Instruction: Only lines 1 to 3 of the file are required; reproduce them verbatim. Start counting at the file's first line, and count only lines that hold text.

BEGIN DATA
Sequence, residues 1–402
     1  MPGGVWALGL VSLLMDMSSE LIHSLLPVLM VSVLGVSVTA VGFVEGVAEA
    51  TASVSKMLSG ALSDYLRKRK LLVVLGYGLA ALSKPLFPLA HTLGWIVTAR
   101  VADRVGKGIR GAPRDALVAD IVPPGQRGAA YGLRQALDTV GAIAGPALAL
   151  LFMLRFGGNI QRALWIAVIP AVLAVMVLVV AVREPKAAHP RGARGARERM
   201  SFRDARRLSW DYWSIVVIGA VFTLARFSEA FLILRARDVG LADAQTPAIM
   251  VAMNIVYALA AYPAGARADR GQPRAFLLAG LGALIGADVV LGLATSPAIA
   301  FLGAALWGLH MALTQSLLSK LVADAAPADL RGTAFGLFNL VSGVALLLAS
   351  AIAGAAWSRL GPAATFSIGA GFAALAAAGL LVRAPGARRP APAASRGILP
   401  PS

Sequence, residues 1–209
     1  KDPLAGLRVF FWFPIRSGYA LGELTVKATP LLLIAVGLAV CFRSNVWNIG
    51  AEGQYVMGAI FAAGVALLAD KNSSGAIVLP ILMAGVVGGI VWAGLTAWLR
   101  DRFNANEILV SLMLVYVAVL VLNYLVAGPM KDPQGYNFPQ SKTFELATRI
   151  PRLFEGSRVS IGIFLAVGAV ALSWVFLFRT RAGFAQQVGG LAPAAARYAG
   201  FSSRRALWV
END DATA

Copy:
Sequence, residues 1–402
     1  MPGGVWALGL VSLLMDMSSE LIHSLLPVLM VSVLGVSVTA VGFVEGVAEA
    51  TASVSKMLSG ALSDYLRKRK LLVVLGYGLA ALSKPLFPLA HTLGWIVTAR